With a gentle humor in the light of the pain it explores, Julio Medem’s Ma Ma keeps it lens squarely focused on Penélope Cruz’s Magda, a young mother diagnosed with breast cancer and various stages of coping with a new reality. Putting off going to the doctor, the news is bleak, requiring the amputation of her right breast. As she comes to terms with the implications of this new reality, both as a mother, a women, and an object of desire, she studies herself in the mirror in a few sequences of somewhat heavy-handed symbolism.
At her son’s soccer game she encounters a talent scout Arturo (Luis Tosar) who receives a phone call with awful news: a car accident has killed his daughter and wife in a sequence that is abrupt and to the point. Rushing with Arturo to the hospital, she becomes sucked into his world. Visiting with him after her treatments, they become a couple once his wife passes, although she worries about her appeal to him. A central character in the drama is Magda’s trusted gynecologist Julian (Asier Etxeandia) whom she taunts with the shorthand that friends have with one another. Prior to her mastectomy, she dreams of saving her nipples and having them delivered in a ring box by Julian and her son Dani (Teo Planell).
Unlike Julio Medem’s shape-shifting Sex and Lucia, Ma Ma is in large part fairly straightforward, sharply focused on Magda’s journey. The narrow focus doesn’t leave much time to fully develop Julian, Dani, Arturo and Magda’s absentee husband, leading to a certain unevenness throughout the melodrama. While the notes it plays mostly feel authentic, the material never quite transcends its structure, despite some strong images that depart from the sterile wide-screen aesthetics of the film’s hospital and domestic sequences. A prisoner of the usual sentimentality of a cancer drama, particularly as Magda learns her time is very limited, the film dives into a lucidity that matches the loose narrative of Sex and Lucia, however without the power. Abortions come and go, haunting Magda and her new life in sequences that are powerful, even if they lack the emotional impact they ought to have.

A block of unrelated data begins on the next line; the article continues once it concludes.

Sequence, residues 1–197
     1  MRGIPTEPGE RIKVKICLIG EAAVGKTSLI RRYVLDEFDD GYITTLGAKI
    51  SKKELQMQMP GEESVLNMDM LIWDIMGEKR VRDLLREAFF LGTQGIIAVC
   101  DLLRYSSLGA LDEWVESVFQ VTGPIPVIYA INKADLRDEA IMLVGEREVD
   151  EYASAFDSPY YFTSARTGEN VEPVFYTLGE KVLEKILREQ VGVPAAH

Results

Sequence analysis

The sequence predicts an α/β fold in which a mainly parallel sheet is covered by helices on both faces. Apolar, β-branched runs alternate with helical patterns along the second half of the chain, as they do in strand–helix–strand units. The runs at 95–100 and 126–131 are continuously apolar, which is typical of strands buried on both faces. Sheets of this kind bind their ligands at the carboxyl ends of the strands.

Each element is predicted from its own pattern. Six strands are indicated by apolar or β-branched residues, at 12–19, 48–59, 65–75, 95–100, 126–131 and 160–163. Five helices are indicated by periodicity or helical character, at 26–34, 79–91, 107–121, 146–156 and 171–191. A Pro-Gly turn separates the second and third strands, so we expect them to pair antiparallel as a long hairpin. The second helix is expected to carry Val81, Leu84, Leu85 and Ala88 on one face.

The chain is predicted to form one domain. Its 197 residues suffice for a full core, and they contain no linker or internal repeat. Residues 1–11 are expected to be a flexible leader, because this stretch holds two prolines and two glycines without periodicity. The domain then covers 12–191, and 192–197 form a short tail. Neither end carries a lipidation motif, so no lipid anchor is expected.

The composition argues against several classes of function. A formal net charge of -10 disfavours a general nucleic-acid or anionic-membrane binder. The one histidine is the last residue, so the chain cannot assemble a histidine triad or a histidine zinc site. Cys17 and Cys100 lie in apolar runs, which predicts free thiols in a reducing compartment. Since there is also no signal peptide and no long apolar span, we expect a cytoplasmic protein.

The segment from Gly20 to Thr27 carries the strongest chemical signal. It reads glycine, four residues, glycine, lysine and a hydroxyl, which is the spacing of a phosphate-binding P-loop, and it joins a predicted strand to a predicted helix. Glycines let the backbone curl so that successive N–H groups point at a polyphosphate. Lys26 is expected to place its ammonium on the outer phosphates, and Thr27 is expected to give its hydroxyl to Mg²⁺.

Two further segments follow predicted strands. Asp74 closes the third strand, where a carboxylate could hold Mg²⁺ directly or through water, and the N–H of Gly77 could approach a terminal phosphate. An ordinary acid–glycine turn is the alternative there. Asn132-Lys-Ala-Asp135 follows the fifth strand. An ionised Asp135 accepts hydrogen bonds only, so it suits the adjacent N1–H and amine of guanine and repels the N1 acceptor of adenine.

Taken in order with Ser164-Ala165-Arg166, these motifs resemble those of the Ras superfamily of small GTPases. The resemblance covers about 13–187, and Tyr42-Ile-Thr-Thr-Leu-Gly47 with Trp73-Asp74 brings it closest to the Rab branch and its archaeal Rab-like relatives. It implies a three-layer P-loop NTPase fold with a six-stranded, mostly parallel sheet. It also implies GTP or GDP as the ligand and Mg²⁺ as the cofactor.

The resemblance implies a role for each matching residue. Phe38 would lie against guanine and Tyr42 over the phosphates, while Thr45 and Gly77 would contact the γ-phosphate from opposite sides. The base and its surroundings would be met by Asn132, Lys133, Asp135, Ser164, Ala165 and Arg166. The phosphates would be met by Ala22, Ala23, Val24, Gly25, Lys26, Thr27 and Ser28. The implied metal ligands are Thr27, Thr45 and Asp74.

Ma Ma is a well-crafted and acted film that somewhat falls short of the emotional gravity it should have, despite its powerful visuals and the complexity of Magda’s emotional journey. Far from subtle, the picture never quite gets under our skin despite the sympathy we feel for the always-radiant Cruz, who bares her soul in close collaboration with Medem. The craft is quite admirable, while the elements feel a bit recycled.
Ma Ma screened at the Montclair Film Festival. Oscilloscope Laboratories will release the film in New York on May 20.